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Scammers Prefer Friday and Saturday Says Telstra



Scammers are getting to know their targets very well. After analysing data from 2022 and 2023, Telstra says Australians are more likely to receive a dodgy text message on a Friday or a Saturday.

Telstra says it blocks on average 11% more scams on Friday and Saturday than any other day of the week. The big telco’s security operations also noted that scammers like to hassle Australians between 1am and 4am.


By targeting Thursday and Friday scammers are clearly trying to take advantage of Australians when they are out partying or distracted by other weekend duties, like sleep. SMS is a preferred method because it usually involves a quick response and during these hours it’s a strategy that appears to be working.

The good news is we get a bit of a reprieve on Sundays with Telstra reporting it blocks almost 20% fewer scam messages compared to the weekly average.

But the overall numbers show that we are just keeping ahead of the bad guys. It’s important to remain vigilant as Telstra blocks an average of 11 million scam SMS messages every month – an increase of 69% year on year.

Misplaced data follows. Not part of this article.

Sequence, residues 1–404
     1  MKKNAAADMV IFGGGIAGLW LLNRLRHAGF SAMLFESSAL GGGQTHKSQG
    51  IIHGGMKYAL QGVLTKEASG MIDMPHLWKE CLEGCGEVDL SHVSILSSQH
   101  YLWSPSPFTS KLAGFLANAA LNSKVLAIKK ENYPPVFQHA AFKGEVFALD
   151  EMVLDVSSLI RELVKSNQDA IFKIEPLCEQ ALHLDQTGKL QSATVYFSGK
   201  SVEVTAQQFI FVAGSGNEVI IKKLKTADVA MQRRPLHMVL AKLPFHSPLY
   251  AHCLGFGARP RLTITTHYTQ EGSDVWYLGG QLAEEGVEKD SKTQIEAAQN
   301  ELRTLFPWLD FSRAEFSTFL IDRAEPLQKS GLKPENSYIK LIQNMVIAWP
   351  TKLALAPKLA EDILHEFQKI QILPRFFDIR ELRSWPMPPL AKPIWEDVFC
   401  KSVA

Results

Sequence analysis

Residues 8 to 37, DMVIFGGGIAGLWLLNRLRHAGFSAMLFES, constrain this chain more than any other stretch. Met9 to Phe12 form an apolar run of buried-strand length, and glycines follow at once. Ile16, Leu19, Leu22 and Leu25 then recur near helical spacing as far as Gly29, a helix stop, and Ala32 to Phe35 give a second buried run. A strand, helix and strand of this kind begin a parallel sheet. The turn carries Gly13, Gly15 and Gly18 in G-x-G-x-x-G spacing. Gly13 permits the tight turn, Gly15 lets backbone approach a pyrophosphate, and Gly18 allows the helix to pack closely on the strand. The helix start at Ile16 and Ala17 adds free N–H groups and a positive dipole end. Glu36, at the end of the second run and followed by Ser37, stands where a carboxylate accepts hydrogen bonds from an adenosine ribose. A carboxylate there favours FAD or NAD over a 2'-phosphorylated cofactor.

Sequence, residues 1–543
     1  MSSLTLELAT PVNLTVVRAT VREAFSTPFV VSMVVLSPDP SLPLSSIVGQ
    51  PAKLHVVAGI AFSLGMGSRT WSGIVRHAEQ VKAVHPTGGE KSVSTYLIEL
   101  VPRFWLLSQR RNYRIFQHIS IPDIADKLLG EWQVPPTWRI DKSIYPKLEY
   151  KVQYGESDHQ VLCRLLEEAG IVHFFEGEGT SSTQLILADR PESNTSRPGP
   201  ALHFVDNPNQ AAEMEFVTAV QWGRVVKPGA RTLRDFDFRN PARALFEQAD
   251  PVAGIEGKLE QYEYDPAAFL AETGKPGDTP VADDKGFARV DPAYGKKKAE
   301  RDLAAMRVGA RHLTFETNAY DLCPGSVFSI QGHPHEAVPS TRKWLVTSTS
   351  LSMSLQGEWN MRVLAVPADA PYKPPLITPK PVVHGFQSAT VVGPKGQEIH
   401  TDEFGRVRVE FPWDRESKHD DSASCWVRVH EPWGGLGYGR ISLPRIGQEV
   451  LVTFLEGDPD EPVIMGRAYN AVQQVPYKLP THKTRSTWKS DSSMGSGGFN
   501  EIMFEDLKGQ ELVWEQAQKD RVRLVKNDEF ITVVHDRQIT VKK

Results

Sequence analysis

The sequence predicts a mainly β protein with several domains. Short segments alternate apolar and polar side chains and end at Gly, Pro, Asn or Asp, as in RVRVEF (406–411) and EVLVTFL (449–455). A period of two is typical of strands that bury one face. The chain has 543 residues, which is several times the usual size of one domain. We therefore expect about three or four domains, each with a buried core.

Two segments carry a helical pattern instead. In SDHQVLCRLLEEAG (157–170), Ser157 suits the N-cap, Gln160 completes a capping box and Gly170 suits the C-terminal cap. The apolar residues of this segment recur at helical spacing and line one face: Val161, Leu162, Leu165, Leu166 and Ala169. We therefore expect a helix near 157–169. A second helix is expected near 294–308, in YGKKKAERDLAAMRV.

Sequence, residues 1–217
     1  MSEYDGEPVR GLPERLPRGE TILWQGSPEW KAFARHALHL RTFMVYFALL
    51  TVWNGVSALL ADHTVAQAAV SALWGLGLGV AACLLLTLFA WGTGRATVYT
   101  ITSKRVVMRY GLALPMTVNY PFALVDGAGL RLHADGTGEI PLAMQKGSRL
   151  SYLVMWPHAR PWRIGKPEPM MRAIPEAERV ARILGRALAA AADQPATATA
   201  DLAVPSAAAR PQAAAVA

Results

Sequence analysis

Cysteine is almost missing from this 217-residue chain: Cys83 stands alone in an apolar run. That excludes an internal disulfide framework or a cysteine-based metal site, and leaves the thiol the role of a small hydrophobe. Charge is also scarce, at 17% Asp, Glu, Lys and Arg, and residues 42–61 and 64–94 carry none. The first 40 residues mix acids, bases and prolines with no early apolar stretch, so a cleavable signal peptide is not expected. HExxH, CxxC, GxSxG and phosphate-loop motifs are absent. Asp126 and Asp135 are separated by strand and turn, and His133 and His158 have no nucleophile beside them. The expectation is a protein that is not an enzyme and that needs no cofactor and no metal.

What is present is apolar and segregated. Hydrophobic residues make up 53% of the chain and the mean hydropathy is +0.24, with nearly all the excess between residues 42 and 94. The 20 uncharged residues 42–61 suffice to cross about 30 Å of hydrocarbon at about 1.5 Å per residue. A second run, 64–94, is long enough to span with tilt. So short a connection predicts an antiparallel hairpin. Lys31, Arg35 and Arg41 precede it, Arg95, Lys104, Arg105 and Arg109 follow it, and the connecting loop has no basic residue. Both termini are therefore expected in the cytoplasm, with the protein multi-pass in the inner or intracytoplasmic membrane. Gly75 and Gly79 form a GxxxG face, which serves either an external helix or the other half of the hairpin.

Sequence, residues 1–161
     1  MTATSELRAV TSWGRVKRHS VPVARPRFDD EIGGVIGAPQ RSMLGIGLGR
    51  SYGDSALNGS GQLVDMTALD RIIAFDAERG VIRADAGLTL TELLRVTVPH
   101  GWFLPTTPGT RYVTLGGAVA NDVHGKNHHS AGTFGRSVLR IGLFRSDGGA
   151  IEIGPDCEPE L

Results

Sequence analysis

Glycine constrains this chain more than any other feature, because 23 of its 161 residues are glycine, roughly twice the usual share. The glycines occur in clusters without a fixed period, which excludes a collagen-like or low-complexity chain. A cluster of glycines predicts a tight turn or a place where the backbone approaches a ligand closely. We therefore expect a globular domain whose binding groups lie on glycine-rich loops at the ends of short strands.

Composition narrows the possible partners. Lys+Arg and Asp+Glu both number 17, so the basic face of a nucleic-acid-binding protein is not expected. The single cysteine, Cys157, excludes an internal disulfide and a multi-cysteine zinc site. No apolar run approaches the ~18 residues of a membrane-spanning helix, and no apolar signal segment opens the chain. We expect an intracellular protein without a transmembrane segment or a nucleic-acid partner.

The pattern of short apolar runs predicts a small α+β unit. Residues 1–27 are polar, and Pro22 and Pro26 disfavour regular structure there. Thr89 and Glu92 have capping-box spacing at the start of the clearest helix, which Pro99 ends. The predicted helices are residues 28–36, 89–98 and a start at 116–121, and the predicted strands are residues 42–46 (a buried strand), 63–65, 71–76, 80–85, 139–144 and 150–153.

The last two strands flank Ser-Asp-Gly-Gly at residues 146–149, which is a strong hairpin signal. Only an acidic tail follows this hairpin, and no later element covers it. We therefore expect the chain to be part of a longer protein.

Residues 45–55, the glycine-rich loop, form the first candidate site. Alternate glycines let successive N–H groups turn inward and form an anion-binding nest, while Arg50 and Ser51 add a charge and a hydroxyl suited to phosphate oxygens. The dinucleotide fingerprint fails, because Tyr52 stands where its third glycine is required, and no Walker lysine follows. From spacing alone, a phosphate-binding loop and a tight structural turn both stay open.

You can find more information on scams from Telstra here.

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What You Need to Know Ahead of Windows Recall Release



Microsoft’s next generation AI powered Copilot+ PCs will soon be available but one controversial Windows feature has already undergone a drastic overhaul. RECALL is – as Microsoft says – ‘a new way to instantly find something you’ve previously seen on your PC’ using on device AI.

Every few seconds Recall takes a snapshot of what appears on your screen. These images are analysed locally by AI so you are not sending anything to the cloud. Recall can then offer you a timeline of your computer use through a visual interface. It really is like having a ‘photographic memory’ of all the apps, websites, images and documents that you’ve interacted with on your PC.